September 18, 2023 - 12:45 pm
Updated October 6, 2023 - 2:00 am
Correction: A previous version of this story said a reporter had instructed a source on how to send a video to police. This information subsequently could not be corroborated and has been retracted. A previous version of this story also incorrectly reported the window of time before police announced Andreas Probst’s death was a homicide.
The 17-year-old driver accused of ramming a car into a cyclist and killing him while his passenger recorded the incident on cellphone video should be charged as an adult, Las Vegas prosecutors said.
The Clark County district attorney’s office said in a statement Monday that it wants the teen certified as an adult in the killing of retired Bell, California, police chief Andreas Probst, 64.
Prosecutors also said they are hoping to file additional charges in the shocking killing, which happened at about 6 a.m. on Aug. 14 at North Tenaya Way near West Centennial Parkway in northwest Las Vegas.
The teen, whose identity hasn’t been released because of his age, is facing a charge of open murder.
“I am confident that justice will be served in this matter once this investigation is complete and the appropriate charges have been filed,” Clark County District Attorney Steve Wolfson said in the statement.
The Metropolitan Police Department said in a statement Monday that they are still looking for the second person — also an apparent teen boy — who was in the car and who filmed the incident.
“LVMPD is actively working to identify the passenger in the car,” the Metro statement said.
Reached by text message, Probst’s widow, Crystal Probst, declined to comment.
“Being around him, it was like being next to a ray of sunshine,” said Probst’s daughter, Taylor Probst, in an Aug. 18 Review-Journal story. “He was always laughing, always smiling, offering you support, life advice, career advice.”
The sheer depravity of the video that purportedly shows the teens plowing their car into Probst from behind has sparked outrage.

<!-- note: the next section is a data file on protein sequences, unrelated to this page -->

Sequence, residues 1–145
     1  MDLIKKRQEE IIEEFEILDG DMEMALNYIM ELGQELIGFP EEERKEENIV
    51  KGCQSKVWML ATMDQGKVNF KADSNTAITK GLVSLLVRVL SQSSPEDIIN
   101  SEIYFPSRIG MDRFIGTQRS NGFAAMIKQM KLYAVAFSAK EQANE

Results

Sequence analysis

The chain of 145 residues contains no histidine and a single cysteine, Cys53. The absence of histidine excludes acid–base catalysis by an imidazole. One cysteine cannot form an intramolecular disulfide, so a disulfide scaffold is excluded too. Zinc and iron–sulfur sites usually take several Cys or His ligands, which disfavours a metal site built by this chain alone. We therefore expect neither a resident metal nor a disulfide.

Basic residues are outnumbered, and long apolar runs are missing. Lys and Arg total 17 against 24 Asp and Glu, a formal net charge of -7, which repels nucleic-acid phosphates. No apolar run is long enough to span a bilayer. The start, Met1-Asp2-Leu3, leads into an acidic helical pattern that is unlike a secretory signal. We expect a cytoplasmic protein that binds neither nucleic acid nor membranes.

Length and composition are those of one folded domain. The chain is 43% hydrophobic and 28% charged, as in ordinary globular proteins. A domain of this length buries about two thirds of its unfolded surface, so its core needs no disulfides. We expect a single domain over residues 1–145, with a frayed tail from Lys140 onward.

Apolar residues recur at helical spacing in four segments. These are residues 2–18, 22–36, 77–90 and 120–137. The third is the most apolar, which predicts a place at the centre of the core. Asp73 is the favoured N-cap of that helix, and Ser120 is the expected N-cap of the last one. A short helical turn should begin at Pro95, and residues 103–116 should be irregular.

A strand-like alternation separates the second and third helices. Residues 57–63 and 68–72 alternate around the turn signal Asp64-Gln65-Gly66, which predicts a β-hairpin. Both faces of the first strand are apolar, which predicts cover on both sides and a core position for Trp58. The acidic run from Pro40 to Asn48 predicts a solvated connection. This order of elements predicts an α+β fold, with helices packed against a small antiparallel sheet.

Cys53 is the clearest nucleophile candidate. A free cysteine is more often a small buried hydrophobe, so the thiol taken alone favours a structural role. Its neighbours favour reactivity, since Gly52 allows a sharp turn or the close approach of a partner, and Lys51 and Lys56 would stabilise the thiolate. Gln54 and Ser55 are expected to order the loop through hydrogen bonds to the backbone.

“That’s pretty disgusting,” Las Vegas-based criminologist Dr. Scott Bonn said after watching the video.
‘OK to be outraged’
“I have seen it. There’s probably a combination of hurt, letdown and outrage,” said Pat Treichel, founder of Ghost Bikes Las Vegas, which places white bikes at the scenes where bicyclists were killed in Southern Nevada, including at the scene of where Probst was killed.
“I think it’s OK to be outraged,” Treichel said. “But I’m also trying to let the district attorney and the investigators do their things that they need to do for the investigation before we go beyond outrage.”
Treichel said he didn’t have an opinion yet as to whether the teen should be charged as an adult, but he did say that he hopes the perpetrator is held accountable to the fullest extent of the law.
Bonn said that the video captures what he said is an escalation of the typical angsty teen behavior of yesteryear, when kids would smash mailboxes or cause vandalism, into something much more deadly. And now, he added, they’re doing it for their 15 minutes of fame by recording it on their phones and posting video of it.
Bonn said the video reminded him of an even deadlier version of the so-called “knockout game,” a social media phenomenon of a few years ago in which teens would pummel unsuspecting bystanders, with sometimes fatal consequences. One of the males sounds like he says, “Knockout” as the car speeds away, Bonn noted.
In the video, the alleged teen driver, as well as what sounds like another teen, are heard talking and laughing as the car speeds toward a man on his bike.
“Ready?” one of the males says. “Hit his a—,” the other one says. The footage shows the cyclist being struck from behind and tossed like a rag doll up over the car. The cellphone then turns to capture the cyclist landing on the ground as the car keeps driving.
Bonn said it would be appropriate for the driver to be charged as an adult.
“In the case of the driver, I think that that makes sense, absolutely, because this is a particularly heinous act,” Bonn said.
Amid the outrage sparked by the video, legions of commenters including X owner Elon Musk, have trained their criticisms and ire at the Las Vegas Review-Journal for its coverage of the incident. A horde of less prominent but incredibly hostile commenters have followed suit with their vitriol, lobbing all kinds of unprintable harassment at the newspaper and its staff — seemingly based on a mistaken belief that the Review-Journal is downplaying the story.
Aug. 18 story predates video revelation
Their assumption is seemingly based on their belief that an Aug. 18 story about the incident was written in recent days, around the same time as the video going viral, and therefore should include mention of the video or characterize the incident as an alleged murder.
But the story doesn’t include these developments because it predates them.
The Review-Journal learned about the video the morning of Aug. 31, when a source notified the
paper of its existence and provided the video to a reporter.
Later that day, Metro announced that detectives had learned about a video two days earlier, on Aug. 29. After viewing the video, police said in the Aug. 31 announcement, detectives determined that the hit-and-run was intentional and that the teen suspect was being charged with open murder.